The challenges in understanding human motor control, in brain-machine interfaces and anthropomorphic robotics are currently converging. Modern anthropomorphic robots with their compliant actuators and various types of sensors (e.g., depth and vision cameras, tactile fingertips, full-body skin, proprioception) have reached the perceptuomotor complexity faced in human motor control and learning. While outstanding robotic and prosthetic devices exist, current brain machine interfaces (BMIs) and robot learning methods have not yet reached the required autonomy and performance needed to enter daily life.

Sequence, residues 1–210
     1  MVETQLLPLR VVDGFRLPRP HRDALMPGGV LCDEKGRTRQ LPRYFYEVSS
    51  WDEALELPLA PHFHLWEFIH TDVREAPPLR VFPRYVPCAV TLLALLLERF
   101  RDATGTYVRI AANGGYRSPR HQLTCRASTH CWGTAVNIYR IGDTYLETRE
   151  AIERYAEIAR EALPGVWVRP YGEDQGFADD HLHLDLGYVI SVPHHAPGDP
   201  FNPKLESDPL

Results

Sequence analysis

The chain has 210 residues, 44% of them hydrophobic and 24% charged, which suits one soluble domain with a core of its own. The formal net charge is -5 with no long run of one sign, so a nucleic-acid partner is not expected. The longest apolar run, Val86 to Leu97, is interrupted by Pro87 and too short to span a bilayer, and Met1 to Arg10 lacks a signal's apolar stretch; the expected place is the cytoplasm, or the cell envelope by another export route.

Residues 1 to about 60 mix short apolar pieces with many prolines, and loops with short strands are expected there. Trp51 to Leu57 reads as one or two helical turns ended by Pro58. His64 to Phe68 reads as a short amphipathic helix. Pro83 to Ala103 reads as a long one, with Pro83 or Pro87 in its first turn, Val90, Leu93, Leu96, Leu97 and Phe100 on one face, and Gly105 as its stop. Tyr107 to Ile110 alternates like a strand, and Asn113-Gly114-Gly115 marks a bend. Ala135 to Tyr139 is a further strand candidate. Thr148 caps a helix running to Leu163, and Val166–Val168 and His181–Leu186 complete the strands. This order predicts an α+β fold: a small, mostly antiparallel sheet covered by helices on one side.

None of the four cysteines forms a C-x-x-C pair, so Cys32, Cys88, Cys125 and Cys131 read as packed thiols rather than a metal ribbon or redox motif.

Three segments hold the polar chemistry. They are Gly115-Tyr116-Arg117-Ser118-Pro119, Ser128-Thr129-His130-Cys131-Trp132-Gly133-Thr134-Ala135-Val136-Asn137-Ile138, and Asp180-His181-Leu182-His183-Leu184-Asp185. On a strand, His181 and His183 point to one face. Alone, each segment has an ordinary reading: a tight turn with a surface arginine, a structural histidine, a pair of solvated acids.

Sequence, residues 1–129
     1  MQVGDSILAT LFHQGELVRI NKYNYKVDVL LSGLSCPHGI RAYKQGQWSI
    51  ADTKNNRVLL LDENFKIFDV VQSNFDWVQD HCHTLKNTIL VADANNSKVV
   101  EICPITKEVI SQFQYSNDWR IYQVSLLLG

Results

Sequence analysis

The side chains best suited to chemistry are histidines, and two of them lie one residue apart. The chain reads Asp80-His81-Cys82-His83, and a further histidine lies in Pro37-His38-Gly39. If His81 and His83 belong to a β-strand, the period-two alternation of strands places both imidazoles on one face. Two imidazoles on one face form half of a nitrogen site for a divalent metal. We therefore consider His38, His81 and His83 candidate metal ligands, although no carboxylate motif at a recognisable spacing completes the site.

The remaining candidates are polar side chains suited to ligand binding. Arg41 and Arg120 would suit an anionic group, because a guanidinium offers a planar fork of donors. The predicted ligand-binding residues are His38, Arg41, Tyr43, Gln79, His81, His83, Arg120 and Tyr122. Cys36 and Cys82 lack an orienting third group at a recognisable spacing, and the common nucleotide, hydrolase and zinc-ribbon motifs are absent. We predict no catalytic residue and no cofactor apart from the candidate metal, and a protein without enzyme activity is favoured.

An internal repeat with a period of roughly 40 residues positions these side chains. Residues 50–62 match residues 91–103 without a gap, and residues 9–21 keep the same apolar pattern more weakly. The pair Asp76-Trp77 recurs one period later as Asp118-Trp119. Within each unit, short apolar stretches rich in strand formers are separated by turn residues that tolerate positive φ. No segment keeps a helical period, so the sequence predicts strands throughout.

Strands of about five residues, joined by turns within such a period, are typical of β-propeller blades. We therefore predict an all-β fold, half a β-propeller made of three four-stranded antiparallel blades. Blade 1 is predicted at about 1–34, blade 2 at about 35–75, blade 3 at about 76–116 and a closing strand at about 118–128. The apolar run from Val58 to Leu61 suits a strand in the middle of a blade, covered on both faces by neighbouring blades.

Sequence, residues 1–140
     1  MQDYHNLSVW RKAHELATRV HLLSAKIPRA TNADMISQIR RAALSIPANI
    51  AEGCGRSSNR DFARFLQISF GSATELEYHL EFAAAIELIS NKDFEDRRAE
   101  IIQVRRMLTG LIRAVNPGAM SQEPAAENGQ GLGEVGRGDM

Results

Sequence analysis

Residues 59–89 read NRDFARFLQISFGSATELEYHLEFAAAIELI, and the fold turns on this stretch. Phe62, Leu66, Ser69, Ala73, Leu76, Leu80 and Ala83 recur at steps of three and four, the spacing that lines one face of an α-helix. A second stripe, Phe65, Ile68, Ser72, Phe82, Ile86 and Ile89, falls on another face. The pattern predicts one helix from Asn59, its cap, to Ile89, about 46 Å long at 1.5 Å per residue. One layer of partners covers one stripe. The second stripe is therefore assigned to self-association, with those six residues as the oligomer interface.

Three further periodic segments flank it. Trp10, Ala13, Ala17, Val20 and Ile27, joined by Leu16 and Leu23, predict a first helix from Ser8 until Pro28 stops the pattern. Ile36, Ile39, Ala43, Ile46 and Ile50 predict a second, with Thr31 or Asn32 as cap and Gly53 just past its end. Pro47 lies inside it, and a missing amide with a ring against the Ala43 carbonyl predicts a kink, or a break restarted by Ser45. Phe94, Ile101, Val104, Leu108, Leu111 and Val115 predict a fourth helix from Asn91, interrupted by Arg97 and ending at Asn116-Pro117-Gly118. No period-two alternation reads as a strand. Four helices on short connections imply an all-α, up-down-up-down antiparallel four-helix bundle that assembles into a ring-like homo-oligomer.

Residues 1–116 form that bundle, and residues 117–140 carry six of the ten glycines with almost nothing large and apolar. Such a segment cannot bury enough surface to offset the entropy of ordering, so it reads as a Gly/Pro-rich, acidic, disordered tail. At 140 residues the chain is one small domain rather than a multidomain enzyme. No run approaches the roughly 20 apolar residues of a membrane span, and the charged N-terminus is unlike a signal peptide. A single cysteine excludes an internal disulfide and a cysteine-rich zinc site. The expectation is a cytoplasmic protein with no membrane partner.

The groups vision is that four major challenges have to be addressed to develop truly autonomous learning systems. These are, (1) the decomposability of complex motor skills into basic primitives organized in complex architectures, (2) the ability to learn from partial observable noisy observations of inhomogeneous high-dimensional sensor data, (3) the learning of abstract features, generalizable models and transferable policies from human demonstrations, sparse rewards and through active learning, and (4), accurate predictions of self-motions, object dynamics and of humans movements for assisting and cooperating autonomous systems.